Better of with more transparency ? Credit Crises / Cable gate shows governments are not so much in control of the global society.
    Wasn’t it work of the press to tell us the truth ?

    At least the cork out of the bottle. Fact is that secrets are harder to keep anno 2010.
    Shutting down is naive. Discuss it is the only option.. Come on free press, have vision ..take the lead.

  6. I am conflicted over this. The anarcho-libertarian in me delights to see the usual control by the state disintegrate in the connected age. But part f me wonders if there is just too much self-righteousness here. How would I feel if my private correspondence was given to the people I was discussing? Am I pure in this area?

    Also, who judges what is in the public interest? Why should stolen information not be subject to the same morality as everything else? Is it moral to take this information and publish it?

    What if a so-called site of interest, in which entirely innocent people are working is bombed by those opposed to US policy because it is now in the public domain and is an easier target than a US military one? Is having that information in the public domain justified?

    I honestly don’t know if this is right or not.

    1. True, I don’t know what WikiLeaks were doing publishing the list of sites. They maintain that they are all in the public domain already, but then why publish them? Not sure what they were playing at there.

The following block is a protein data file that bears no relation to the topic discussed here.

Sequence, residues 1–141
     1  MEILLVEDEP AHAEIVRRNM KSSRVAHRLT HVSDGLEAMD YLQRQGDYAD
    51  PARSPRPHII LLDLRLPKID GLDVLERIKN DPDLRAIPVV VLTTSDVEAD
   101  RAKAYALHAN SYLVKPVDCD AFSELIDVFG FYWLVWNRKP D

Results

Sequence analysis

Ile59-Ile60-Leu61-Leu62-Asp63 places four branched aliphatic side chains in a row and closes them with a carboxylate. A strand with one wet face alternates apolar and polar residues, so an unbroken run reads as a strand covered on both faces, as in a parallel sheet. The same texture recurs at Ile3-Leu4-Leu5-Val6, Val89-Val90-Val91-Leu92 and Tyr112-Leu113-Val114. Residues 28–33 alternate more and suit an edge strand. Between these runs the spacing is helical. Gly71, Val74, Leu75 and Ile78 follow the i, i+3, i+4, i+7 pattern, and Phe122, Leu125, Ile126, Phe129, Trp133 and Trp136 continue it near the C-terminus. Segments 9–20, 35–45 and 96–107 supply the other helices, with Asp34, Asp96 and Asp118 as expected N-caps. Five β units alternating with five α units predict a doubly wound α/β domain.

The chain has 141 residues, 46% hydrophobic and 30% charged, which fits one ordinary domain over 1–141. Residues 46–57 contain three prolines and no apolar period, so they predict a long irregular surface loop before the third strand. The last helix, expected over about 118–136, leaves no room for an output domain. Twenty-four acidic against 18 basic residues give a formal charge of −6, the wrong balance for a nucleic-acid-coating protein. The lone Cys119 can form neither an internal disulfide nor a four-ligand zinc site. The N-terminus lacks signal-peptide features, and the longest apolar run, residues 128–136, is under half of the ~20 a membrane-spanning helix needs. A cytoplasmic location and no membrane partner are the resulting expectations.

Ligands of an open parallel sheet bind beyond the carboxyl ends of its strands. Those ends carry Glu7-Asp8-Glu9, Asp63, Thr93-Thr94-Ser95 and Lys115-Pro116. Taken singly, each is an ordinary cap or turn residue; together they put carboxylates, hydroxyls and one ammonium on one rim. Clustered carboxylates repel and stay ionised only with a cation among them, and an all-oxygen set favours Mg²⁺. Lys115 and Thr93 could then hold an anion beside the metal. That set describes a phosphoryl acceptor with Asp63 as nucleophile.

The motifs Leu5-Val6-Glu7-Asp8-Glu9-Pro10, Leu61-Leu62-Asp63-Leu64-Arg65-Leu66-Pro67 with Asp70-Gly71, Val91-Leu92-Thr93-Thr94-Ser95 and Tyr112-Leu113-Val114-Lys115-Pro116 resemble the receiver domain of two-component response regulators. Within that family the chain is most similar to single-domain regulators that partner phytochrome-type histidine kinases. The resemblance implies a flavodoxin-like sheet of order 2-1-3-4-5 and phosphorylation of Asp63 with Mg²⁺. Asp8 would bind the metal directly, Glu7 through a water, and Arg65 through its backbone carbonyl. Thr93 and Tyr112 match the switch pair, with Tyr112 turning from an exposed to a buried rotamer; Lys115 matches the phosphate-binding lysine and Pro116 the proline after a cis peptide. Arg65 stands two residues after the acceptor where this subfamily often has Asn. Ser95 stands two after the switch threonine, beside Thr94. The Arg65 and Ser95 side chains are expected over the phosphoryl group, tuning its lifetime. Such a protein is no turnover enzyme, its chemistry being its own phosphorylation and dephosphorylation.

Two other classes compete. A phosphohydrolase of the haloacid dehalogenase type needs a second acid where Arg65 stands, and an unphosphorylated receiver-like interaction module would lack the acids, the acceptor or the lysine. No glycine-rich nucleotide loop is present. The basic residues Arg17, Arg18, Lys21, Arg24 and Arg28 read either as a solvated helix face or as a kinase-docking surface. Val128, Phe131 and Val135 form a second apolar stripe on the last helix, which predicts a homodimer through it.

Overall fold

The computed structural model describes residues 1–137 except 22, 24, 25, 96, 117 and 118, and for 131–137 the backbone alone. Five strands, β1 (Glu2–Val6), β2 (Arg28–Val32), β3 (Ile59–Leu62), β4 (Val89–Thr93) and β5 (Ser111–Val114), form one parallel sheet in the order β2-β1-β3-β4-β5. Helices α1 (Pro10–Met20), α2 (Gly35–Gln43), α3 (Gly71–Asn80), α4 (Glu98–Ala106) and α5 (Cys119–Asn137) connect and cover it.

7. Wikileaks billboard going up in Los Angeles via supporters’ pledges…Wikileaks billboard going up in Los Angeles via supporters’ pledges…

    I have been following your page and articles for quite a while and really respect what you are doing for the Wikileaks/Julian Assange cause. I recently found and donated $20 to Wikileaks campaign where a group of supporters such as myself are trying to raise money to put up a billboard in Los Angeles…

    Wikileaks apparently really liked the campaign as they have already promoted the campaign on their twitter and facebook page, with a direct link for supporters to pledge to the billboard.

    I wasn’t sure if you guys had already heard about this, so I wanted to reach out to you to try to push the movement even further. I know you have a ton of dedicated readers and subscribers, and I assume it would be of much interest to expose them to this campaign if they have not already read or heard about it. Thank you in advance for taking the time to read this. Keep rockin’ guys! Your unwavering support of the Wikileaks cause inspires us all.

    – Cynthia Hawtin